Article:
Curé of Ars Church undergoes a $4.5 million renovation project
by Jessica Langdon
LEAWOOD — Sections of the bare floors were still taped off and the new furniture — including the pews — hadn’t yet arrived.
But even with construction underway all around him, Msgr. Charles McGlinn, pastor of Curé of Ars Parish in Leawood, could already see signs of new sparkle in the “major spacelift” happening in the church.
“People have remarked before we started that the building was kind of old and tired and beat up — you know, kind of like the pastor,” said Msgr. McGlinn with self-deprecating humor.
He’d even heard rumors that some brides-to-be sought out other churches they thought were nicer looking.
The decades-old church building definitely had some issues that needed to be addressed: a leak, water damage on the roof, tired carpet and pressed-wood pews that had seen better days, to name a few.
When a committee addressed issues with the building, everyone agreed that if they were going to spend a lot of money, it made sense to do it right and make this a very attractive church, said Msgr. McGlinn.
The church needed some accessibility improvements, too, he said.
The project carries an anticipated $4.5 million price tag so far. Many parishioners have pledged their help, pitching in as they always do when there’s a need. “This is not just a building project,” said Msgr. McGlinn. “It’s also a spiritual project.”
The doors to the church closed and Masses moved to the school gym at the beginning of June so construction could start.
“It’s a top-to-bottom renovation,” said Msgr. McGlinn.
The church now has new furniture — on the altar and elsewhere.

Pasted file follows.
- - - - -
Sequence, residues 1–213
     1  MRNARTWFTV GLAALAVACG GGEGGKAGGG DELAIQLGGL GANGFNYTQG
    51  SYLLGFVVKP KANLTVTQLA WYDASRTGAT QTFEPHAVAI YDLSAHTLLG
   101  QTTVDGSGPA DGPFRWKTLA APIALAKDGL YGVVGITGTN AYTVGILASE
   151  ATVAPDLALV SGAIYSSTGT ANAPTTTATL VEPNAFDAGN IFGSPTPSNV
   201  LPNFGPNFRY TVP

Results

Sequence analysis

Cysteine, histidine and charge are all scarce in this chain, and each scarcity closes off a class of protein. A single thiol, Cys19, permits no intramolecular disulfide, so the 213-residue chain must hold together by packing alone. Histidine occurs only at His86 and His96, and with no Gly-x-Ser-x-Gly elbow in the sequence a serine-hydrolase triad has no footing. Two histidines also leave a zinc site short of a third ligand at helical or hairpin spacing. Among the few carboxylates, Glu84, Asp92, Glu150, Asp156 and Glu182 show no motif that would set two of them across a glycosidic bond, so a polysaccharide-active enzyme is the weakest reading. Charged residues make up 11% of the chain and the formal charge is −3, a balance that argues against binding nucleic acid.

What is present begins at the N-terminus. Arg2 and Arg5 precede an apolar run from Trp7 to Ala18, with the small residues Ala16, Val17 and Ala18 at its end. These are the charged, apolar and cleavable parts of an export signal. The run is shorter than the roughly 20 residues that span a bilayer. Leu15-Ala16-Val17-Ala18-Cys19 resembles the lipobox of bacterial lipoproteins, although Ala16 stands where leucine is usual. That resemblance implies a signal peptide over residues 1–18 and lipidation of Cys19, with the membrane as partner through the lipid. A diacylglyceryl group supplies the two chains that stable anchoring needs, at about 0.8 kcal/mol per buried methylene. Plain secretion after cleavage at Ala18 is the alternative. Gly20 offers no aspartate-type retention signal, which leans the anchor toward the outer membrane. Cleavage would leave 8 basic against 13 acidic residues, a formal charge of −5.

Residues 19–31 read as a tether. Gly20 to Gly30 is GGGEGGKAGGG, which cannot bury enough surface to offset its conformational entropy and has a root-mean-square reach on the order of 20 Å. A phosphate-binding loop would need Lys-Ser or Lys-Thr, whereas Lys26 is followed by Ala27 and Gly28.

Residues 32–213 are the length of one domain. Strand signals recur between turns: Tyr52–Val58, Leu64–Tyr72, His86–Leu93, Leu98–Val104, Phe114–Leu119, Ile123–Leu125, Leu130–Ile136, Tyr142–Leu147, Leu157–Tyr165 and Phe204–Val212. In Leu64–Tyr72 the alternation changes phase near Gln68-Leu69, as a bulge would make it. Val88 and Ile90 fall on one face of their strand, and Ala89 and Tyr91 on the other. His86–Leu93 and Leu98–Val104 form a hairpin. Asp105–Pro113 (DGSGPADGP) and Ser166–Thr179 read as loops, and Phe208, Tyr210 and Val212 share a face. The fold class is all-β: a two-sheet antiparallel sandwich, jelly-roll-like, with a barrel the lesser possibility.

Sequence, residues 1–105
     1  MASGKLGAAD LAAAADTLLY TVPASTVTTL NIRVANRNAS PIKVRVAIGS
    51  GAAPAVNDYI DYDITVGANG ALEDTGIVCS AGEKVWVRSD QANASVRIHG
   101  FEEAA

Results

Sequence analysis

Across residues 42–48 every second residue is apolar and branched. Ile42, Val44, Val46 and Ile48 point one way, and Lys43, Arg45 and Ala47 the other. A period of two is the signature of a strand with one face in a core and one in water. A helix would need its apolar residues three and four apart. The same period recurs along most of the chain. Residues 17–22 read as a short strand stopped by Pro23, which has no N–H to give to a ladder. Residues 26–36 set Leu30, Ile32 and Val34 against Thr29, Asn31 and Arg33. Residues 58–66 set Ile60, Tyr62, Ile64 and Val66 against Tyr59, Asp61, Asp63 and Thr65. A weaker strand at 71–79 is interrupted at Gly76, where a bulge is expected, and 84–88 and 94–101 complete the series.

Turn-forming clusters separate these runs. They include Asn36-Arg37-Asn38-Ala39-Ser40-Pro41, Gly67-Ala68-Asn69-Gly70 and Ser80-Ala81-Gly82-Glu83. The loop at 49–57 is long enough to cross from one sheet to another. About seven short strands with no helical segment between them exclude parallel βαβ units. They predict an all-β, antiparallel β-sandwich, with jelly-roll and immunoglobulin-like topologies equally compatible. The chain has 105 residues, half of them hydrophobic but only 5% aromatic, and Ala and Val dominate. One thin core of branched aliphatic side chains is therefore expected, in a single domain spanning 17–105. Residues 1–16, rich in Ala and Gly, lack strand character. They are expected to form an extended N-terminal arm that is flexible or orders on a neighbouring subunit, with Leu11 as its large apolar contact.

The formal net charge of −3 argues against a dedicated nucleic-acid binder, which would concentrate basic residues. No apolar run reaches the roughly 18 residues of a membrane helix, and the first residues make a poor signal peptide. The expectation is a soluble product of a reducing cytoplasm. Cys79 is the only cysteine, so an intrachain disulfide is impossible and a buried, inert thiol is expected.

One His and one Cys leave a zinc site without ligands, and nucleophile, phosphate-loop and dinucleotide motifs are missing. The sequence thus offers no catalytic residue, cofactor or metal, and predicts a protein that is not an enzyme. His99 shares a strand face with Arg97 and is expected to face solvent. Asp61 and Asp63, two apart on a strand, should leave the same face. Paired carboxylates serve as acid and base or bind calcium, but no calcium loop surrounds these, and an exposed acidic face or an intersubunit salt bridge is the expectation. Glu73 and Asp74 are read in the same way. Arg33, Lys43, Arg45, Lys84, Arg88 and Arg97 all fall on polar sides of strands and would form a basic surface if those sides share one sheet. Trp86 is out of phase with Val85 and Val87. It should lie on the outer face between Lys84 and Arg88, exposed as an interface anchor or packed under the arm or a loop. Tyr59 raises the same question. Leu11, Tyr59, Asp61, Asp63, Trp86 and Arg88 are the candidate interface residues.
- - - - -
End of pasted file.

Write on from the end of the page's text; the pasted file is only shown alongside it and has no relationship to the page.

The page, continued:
There are new walnut pews.
There’s new flooring, new LED lighting (which should be energy- saving), and new sound (with the old sound system installed in the gym for things like plays and the auction).
There’s also new paint, new heating and air conditioning in some places, and a new choir area.
New Stations of the Cross have been placed in the church, and niches were added into the walls to hold the statues.
Restrooms have been updated and made more accessible, and new handicap-accessible entrances greet parishioners outside.
And the list goes on.
For Dave Ruf, a Curé parishioner and vice president of J.E. Dunn Construction, this project means a lot.
“This is doing everything with your heart and soul,” he said.
Msgr. McGlinn guided him into the church through the Rite of Christian Initiation of Adults program, and presided at his wedding to his wife Jennifer.
All four of their children were baptized at this church.
Ruf has led the project through its ups and downs, readying the building for today’s parishioners . . . and for future generations.
He, too, looks forward to having this church be a natural place for weddings, complete with more space for preparations.
He was excited about an updated look for the church.
“It has a very traditional feel with a bit of a modern touch,” he said.
After much anticipation, parishioners got to see their church in all its glory on Oct. 26, when Archbishop Joseph F. Naumann celebrated the noon Mass and blessed the renovated building.
This was the most expensive project Msgr. McGlinn has undertaken in his 27 years at the parish, but this is something he wants for Curé and its 2,100 families.
“We have a lot of wonderful families,” he said. “They have a terrific sense of community, a real commitment to participate in the ministries — and they really like each other.”
The parish is also home to Father Larry Bowers, associate pastor; Father Jerry Spencer, senior priest in residence; and Father Quy Ta of Hanoi, Vietnam, who is living at Curé while he learns English at Donnelly College in Kansas City, Kansas, on his path to studying canon law.
The sacred space is where the word of God is proclaimed, the Eucharist is celebrated, and the faith is nurtured, said Msgr. McGlinn.
He believes its beauty can only enhance the worship experience.
“I look forward to celebrating with the people in the renewed church,” said Msgr. McGlinn. “I know that they’re going to really love it. I know that they’re going to be really, really proud of their church.”